After the fermentation, the wine is transferred into barriques (again using gravity) on the 2nd level down. The temperature and the humidity are naturally controlled, thanks to the material and some clever construction ideas.
Here, juices undergo malolactic fermentation and stay for one year; the wine is then transferred to the bottom level (gravity again) and placed in second-hand barriques for at least one year before being bottled and stored in an adjacent room. Here also, the temperature and humidity are naturally controlled and the winery operates successfully, leaving a very small carbon print.
It was time to go again, and after I thanked Giacomo for his time.
My next stop was at Pian Dell'Orino, a small winery owned by Jan and Caroline. Jan is a winemaker who spent a few years in France as part of his training. Caroline's family owns the Castel Katzenzungen in Alto Adige, where the oldest and largest vine of Europe (over 350 square meters (3768 square feet) and 350 years of age, for a production of 600 bottles) live and grow; 600 bottles, that is, of a very good white wine from just one plant - that's intriguing.
Jan came and welcomed me, surrounded by dogs, left and right. Just behind him was Caroline, wearing an apron. I hadn't looked at my watch, but it was lunch time, and I think I interrupted their meal.
I felt bad but they were happy to see me again - we had previously met in NYC, and Caroline told me to have a seat and share some salad and cheese.
During lunch, Jan opened up an unlabeled Rose, made from Sangiovese. They produce that wine for themselves, but I suggested them to label it and sell it - a full rose, dry with elegant flavors of fresh cherries.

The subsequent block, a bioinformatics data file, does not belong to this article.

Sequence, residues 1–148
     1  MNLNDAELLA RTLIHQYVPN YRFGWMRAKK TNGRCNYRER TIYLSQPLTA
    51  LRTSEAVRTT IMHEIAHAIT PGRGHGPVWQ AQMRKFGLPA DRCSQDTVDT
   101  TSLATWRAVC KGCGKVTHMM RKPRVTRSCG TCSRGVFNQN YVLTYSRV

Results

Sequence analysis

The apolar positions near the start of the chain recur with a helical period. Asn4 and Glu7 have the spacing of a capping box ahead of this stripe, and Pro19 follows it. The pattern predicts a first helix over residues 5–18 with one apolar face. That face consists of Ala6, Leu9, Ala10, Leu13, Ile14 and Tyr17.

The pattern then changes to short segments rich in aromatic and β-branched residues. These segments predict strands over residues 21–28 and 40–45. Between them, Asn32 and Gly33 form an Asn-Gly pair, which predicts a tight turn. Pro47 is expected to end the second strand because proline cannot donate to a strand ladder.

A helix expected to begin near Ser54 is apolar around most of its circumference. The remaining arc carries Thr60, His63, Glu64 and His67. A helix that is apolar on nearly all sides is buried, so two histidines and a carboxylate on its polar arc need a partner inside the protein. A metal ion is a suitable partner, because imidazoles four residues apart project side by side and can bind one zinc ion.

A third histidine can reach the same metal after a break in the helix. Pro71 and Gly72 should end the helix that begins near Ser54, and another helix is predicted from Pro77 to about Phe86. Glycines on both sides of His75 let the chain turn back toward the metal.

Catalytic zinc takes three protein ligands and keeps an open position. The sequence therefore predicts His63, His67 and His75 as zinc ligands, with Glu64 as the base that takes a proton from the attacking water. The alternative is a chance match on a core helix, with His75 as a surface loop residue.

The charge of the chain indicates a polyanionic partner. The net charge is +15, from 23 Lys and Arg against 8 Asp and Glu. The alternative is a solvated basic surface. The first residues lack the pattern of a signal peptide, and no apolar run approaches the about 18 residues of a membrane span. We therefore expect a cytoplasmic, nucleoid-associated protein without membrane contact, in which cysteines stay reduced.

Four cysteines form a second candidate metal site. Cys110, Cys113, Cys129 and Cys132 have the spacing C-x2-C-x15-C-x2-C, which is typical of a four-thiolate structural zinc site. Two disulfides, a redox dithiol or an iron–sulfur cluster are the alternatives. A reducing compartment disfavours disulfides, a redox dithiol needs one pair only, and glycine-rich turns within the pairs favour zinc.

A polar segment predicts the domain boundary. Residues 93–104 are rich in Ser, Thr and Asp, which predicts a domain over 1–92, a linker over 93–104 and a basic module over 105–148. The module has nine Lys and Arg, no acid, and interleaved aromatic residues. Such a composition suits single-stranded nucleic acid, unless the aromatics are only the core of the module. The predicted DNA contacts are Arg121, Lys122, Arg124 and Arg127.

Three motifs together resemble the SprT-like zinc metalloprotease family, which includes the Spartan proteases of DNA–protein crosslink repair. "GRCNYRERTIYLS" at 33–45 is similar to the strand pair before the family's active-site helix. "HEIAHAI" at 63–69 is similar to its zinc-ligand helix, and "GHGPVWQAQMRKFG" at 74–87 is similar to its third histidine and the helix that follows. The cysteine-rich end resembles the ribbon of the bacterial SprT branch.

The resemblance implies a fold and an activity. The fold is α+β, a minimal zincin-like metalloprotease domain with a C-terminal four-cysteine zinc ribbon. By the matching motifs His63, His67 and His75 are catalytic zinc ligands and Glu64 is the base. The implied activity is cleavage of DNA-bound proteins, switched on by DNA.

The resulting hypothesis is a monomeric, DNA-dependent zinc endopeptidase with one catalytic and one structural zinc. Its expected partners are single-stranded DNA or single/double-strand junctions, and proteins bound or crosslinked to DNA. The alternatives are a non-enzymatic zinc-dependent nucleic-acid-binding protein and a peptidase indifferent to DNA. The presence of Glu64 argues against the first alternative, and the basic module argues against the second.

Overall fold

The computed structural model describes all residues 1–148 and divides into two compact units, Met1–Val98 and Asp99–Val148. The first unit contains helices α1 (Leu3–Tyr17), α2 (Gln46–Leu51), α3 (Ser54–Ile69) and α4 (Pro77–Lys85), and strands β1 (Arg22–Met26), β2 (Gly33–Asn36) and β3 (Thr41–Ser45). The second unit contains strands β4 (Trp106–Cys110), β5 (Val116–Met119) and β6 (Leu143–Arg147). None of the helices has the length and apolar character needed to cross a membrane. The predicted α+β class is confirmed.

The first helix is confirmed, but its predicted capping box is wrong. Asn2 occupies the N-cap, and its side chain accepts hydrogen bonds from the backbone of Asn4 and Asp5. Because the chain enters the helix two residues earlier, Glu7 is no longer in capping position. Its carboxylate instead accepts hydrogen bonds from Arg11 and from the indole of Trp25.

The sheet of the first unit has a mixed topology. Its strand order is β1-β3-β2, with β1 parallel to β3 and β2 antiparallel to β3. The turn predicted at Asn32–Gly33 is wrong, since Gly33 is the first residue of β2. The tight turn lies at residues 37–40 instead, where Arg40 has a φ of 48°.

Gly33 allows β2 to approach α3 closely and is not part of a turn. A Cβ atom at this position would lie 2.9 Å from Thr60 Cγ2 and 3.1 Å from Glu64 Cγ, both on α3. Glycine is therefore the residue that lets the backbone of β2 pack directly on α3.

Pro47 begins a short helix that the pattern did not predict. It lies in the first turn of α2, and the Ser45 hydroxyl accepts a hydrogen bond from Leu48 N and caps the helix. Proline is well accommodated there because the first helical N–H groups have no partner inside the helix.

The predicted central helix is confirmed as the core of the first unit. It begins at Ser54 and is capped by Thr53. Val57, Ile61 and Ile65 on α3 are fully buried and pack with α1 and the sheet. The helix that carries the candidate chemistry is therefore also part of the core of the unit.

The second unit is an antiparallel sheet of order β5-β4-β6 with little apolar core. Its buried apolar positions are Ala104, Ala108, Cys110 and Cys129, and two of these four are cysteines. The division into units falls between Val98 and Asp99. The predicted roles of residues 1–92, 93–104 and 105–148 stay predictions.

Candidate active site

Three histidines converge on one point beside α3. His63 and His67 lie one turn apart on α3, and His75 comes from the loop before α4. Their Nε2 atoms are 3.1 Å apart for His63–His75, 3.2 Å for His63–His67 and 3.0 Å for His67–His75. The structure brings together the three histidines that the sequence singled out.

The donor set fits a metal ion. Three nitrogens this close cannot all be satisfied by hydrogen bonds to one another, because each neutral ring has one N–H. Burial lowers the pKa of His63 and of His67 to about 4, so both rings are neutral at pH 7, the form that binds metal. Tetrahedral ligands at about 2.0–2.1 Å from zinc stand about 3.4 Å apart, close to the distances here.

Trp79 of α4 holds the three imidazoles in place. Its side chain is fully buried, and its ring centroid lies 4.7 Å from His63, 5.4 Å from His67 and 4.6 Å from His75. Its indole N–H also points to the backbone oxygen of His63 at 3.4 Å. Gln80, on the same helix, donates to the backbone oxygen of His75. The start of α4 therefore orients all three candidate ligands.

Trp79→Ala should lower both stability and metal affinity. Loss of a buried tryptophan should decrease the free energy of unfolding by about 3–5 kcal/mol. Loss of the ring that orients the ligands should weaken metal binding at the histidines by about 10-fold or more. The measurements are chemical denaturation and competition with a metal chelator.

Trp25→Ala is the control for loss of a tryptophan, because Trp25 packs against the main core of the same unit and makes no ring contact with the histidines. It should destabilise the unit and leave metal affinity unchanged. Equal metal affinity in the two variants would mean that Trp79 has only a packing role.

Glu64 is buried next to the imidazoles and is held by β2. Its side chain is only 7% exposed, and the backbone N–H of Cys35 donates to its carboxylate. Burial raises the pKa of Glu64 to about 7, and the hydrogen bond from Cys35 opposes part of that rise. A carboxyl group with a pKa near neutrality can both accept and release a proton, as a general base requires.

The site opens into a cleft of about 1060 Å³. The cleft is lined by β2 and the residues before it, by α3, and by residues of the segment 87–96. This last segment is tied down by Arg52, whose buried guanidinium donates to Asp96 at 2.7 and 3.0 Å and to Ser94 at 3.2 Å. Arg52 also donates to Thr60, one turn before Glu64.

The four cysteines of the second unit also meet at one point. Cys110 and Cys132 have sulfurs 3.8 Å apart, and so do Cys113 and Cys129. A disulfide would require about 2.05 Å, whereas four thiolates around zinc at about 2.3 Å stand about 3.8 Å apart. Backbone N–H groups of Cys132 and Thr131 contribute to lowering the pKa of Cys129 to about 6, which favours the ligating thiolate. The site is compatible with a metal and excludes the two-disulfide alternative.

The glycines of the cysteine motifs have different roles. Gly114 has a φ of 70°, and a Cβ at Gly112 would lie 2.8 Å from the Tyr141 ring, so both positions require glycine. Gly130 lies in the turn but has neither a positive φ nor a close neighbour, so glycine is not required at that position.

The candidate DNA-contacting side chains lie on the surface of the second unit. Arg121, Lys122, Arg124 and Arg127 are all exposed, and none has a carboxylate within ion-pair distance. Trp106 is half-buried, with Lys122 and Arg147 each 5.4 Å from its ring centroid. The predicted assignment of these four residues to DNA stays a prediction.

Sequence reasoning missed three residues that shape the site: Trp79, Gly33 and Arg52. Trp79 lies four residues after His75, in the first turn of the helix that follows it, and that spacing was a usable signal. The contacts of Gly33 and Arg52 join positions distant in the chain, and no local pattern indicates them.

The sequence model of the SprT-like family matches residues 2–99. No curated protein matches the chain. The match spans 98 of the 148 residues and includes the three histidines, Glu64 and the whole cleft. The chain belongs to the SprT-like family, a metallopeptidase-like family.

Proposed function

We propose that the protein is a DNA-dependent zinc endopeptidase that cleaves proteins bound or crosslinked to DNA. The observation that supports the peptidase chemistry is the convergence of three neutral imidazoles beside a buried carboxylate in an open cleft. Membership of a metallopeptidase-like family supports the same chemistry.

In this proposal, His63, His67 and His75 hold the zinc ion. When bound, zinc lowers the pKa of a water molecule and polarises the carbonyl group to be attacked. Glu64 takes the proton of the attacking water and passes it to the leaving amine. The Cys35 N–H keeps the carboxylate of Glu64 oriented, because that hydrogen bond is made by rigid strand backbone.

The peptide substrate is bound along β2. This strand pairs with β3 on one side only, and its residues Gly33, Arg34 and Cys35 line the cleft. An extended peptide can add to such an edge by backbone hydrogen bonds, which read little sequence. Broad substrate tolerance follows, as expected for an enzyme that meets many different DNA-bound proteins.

Then he opened up a bottle of Brunello from the 2002 vintage; a very difficult year, but the wine was still powerful and structured. It was interesting to hear Jan taking pride in making an outstanding product in such a difficult year.
After lunch, he took me to his new cellars, also well-built and underground, using gravity to move the juices to the different levels. Jan as well built the cellars so that he has no need for a forced climatization system.
All of a sudden, it was 4 PM, and after saying goodbye to Pian dell'Orino, I went to visit my good friends at Winemaking in Castelnuovo dell'Abate.
Winemaking is Roberto's company with a team of Agronomists, Winemakers and Accountants created to follow the life of a winery in every aspect of the business.
After a quick chat with Maurizio Saettini, I jumped in the car again for the last visit of the day: La Fornace.
La Fornace is a small winery owned by the Giannotti family. When I arrived, Fabio was parking his tractor, as he had just finish some treatments on the fields. His cellars are on on a single level, and he has an air conditioning system, so he can control the temperature in the different vinification phases.
We tasted the 2005 and 2006 Brunello from the barrels and the 2004 Riserva, as many told so far it looks like the vintages are getting better from 2004 to 2006, and considering the 2004 was an excellent year I'll be looking forward for the 06's to be released.
Wow. What a day. The sun was getting low over the horizon and the sky started to show some pinkish colors - it was finally time to go home for the first time in 4 years.
To Be Continued...

1 comment:

Lorenzo said...

wow... i'm so jealous. we stock some of the casanova di neri wines ourselves, but i've only recently tried the 2001 tenuta nuova and have yet to taste the cerretalto.

sounds like a heck of an awesome trip though. hope the rest of it is just as enjoyable! *thumbsup*